July 11, 2002 at 5:13 PM EST - Updated July 1 at 8:55 AM
By JOHN SEEWER, Associated Press Writer
HURON, Ohio (AP) - Rough water forced divers to suspend their search Thursday for four men believed to have drowned in 5-foot Lake Erie waves while trying to rescue the fiancee of one of them.
With conditions keeping search boats docked and forcing divers to leave the water after two hours, the search was limited to a Coast Guard helicopter and firefighters on the beach.
The four men were swimming at a public beach Wednesday with Amy Renee Anderson, 22, of Findlay, and went to her aid when she was knocked down by waves, according to Huron Fire Chief John Zimmerman. Firefighters later rescued Anderson.
City officials had warned the five to stay out of the water because of the strong current. Nickel Plate beach, which has no lifeguards, was closed for swimming Wednesday morning but people were allowed to sunbathe and picnic, City Manager Mike Tann said.
There were people jogging and children building sand castles on the beach Thursday, but the water remained off-limits. Relatives of the missing were secluded behind police lines.
Divers and Coast Guard officers searched the churning water Wednesday for five hours with boats and helicopters but could not find the four friends.
The search was called off at 7 p.m. Wednesday because of 5- to 8-foot waves.
"We hope there's some miracle that they swam ashore someplace, but we doubt it," Zimmerman said.
The missing were identified Thursday as Jarred Smith, 18, of nearby Sandusky; Steve Cupec, 27, of Karns City, Pa., and Kyle Kroetz, 29, and Matthew Smith, 21, both of Findlay.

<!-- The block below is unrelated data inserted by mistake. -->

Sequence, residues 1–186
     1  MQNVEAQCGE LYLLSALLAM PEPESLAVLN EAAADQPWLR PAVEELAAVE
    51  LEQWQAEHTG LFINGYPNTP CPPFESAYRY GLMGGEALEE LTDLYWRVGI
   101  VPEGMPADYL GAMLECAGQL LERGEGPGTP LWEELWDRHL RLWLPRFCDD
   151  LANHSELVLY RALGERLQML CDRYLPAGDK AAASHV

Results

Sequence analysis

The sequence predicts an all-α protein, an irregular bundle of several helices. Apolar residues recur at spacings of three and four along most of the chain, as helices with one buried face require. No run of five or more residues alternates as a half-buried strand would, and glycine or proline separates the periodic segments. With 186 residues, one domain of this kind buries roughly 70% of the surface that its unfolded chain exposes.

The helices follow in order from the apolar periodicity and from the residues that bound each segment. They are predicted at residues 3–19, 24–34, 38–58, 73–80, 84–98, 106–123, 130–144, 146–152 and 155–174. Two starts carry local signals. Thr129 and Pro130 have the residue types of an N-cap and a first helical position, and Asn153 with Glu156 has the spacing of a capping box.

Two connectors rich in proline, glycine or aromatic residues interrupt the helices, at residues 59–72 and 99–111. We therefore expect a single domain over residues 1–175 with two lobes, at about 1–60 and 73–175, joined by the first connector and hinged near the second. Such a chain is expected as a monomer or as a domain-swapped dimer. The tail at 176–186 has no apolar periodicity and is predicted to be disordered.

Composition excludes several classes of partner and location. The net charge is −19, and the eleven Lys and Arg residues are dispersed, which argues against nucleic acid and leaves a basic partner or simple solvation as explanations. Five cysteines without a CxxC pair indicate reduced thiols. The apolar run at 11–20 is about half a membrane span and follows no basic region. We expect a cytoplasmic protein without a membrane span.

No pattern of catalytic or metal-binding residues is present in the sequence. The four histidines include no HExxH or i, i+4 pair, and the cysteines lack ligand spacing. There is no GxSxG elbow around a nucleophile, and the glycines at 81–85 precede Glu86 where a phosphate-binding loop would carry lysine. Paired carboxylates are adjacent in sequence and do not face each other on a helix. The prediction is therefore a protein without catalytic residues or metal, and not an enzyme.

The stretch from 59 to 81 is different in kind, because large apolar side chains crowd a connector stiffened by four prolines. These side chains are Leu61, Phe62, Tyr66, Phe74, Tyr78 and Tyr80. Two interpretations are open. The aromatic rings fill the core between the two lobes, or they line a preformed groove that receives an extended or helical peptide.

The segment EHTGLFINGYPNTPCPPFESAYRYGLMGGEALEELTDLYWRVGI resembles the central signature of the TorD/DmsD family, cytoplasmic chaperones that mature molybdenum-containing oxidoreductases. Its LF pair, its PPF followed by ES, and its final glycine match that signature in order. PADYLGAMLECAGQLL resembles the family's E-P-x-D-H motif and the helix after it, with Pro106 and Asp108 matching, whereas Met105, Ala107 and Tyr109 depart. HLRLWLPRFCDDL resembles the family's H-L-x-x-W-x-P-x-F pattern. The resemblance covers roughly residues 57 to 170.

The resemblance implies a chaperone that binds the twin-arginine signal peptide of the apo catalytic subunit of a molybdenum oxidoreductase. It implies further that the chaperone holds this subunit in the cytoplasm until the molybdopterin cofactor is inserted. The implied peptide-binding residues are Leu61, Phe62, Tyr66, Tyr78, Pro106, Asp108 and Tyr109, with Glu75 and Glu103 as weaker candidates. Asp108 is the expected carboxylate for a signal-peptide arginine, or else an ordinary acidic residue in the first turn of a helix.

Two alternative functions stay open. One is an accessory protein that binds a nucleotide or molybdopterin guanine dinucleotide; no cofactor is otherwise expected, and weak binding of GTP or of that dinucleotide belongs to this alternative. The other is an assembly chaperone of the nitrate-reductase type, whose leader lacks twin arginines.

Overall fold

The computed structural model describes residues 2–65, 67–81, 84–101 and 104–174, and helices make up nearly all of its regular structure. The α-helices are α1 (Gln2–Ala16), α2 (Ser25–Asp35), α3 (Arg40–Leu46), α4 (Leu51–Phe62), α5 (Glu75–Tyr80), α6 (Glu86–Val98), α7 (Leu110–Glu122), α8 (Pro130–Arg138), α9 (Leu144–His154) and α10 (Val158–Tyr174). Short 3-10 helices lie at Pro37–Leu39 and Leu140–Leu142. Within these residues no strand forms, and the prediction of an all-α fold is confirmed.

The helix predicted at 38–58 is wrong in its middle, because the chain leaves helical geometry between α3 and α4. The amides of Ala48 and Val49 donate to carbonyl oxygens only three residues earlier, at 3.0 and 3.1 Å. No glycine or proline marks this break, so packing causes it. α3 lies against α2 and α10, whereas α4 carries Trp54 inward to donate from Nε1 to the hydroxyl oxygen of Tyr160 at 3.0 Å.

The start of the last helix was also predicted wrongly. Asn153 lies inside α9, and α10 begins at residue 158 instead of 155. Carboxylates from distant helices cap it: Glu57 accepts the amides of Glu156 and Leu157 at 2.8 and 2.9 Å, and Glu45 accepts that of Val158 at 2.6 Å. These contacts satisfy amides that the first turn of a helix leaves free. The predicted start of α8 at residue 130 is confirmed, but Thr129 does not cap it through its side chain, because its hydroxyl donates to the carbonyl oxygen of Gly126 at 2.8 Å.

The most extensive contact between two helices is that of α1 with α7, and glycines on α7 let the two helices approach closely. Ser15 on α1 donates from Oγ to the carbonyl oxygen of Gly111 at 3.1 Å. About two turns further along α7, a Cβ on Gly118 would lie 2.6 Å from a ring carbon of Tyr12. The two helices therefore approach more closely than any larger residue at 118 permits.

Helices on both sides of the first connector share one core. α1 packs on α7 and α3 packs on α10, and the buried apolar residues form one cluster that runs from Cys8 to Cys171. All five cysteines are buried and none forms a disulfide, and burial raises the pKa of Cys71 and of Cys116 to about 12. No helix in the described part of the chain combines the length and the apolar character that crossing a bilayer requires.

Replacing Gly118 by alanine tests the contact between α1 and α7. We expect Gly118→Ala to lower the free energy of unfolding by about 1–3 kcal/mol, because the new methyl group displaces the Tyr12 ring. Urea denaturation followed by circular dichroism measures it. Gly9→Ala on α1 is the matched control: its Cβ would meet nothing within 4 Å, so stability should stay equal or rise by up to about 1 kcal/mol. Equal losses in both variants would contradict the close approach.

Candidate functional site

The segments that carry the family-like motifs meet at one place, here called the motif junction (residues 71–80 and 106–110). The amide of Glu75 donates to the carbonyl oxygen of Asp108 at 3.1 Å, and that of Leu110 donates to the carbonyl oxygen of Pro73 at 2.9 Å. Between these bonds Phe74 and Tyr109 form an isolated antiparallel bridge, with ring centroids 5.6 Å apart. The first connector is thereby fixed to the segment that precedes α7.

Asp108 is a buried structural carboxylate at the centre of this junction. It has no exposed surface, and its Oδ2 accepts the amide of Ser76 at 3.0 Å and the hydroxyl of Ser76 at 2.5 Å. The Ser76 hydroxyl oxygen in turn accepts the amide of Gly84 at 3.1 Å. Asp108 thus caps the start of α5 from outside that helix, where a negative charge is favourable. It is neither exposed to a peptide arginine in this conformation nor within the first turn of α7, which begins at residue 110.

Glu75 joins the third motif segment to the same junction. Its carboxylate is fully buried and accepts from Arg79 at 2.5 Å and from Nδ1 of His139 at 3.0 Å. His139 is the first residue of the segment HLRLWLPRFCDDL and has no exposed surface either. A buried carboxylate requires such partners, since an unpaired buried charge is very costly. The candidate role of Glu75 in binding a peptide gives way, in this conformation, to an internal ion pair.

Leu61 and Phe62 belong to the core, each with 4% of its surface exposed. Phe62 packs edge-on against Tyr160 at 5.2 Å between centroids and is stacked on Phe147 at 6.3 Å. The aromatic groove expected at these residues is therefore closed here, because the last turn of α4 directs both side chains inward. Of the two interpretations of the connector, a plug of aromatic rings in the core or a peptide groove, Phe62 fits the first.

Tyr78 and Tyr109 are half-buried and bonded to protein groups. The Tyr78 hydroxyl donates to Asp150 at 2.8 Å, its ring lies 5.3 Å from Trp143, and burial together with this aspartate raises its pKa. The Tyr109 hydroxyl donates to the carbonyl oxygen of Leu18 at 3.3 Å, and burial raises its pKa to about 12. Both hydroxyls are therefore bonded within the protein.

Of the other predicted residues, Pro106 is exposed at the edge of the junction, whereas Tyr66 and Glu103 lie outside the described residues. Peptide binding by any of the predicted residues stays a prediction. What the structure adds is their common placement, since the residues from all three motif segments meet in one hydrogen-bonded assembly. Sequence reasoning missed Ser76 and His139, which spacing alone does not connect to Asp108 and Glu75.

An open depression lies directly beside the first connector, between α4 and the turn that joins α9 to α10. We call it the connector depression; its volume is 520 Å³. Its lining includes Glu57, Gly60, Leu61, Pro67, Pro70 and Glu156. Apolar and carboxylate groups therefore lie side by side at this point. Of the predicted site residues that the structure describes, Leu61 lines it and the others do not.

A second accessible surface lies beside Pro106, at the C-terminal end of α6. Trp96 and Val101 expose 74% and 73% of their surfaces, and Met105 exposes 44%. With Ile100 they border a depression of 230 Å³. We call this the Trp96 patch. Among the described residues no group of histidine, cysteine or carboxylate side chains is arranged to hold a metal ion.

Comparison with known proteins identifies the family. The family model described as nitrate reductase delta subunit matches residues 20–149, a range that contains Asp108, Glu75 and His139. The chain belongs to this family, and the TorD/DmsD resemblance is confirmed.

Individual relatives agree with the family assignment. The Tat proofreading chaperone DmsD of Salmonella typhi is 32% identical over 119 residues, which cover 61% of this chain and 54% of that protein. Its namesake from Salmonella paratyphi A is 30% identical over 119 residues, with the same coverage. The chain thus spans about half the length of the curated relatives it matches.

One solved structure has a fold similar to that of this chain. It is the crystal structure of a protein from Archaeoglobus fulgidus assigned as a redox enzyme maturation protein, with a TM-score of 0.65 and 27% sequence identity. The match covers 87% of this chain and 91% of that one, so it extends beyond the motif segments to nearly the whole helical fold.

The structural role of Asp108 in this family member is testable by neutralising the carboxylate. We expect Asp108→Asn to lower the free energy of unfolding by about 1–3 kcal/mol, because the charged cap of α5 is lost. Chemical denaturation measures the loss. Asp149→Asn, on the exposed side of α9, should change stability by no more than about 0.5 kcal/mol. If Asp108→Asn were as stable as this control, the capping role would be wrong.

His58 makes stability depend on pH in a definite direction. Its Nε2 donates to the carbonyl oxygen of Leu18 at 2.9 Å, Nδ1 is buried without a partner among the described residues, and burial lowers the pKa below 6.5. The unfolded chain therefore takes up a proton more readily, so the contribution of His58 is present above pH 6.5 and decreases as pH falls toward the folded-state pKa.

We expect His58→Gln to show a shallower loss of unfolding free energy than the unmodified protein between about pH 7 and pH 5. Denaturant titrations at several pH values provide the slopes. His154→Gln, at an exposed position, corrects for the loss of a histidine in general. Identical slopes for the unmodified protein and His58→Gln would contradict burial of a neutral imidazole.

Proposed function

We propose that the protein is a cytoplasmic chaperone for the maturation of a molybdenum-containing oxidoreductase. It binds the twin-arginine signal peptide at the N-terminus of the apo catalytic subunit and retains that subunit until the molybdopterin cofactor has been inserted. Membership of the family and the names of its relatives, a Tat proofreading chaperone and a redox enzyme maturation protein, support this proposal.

Anderson and Cupec were engaged, according to Zimmerman.
Sandra Kroetz, 58, mother of Kyle Kroetz, said her son died trying to save a life.
"I know he was a hero. He went in to save another girl," she said.
There was a drowning at the half-mile long beach last year and another in 1999. A private beach that was not closed abuts Nickel Plate.
Neighbors around the beach gathered on the sand to watch the pounding surf and rescue efforts as the sun set Wednesday. Many said they know better than to go out in rough waters.
"You just don't mess with the lake," said Richard Evans, who has lived near the beach for 12 years.
"People just have no common sense," said Jennifer Willis, of Sandusky. "They don't realize how dangerous this lake can be."
Tann said the beach is closed for swimming two or three times during most summers because of strong winds.
Visitors Wednesday were warned verbally not to swim and handed fliers explaining the dangerous conditions.
"This is not something that's cast in stone, but when you tell people, 'Don't go in the water. It's closed.' I don't know how more clear you can make it," he said.
Doris Stover, who was staying at a nearby cottage, said about 10 people were swimming when the woman started to struggle.
Huron firefighter Monty Tapp heard the call about the missing woman on his radio at his home on the beach. Tapp got to the beach before rescue crews arrived and swam out to save Anderson about 75 feet from the shore.
The men had disappeared before Tapp got to the water.
Fire Capt. Otis Bronner jumped in to help. Tapp and Bronner were overcome with exhaustion from fighting the current. Three firefighters went out in a boat to bring the firefighters and Anderson to shore.
"The conditions are awful to swim. The conditions are awful to make a rescue. We're awfully lucky our two firefighters didn't drown. They were close to that," Zimmerman said.
The Huron Fire Department got a call about a drowning at the beach at 2:20 p.m., and rescuers did not learn until they arrived that the four men were missing.
Eight firefighters tied themselves to each other and trudged into the water as a human chain, but the search was complicated by the waves.
Anderson was treated at the Firelands Community Hospital in Sandusky and released, a hospital spokeswoman said. Firefighters Tapp and Bronner were treated for exhaustion at the hospital.
The waves on a windy afternoon would be about 5 feet high around the time the swimmers went missing, said Coast Guard Petty Officer Gregory Goetz of the Marblehead station.
"There were probably waves occasionally bigger, and there would have been a strong undertow," he said.
Tom King, a National Weather Service meteorologist in Cleveland, said wind was gusting at about 29 mph off shore near the beach.
Huron is about 50 miles west of Cleveland.
(Copyright 2002 by The Associated Press. All Rights Reserved.)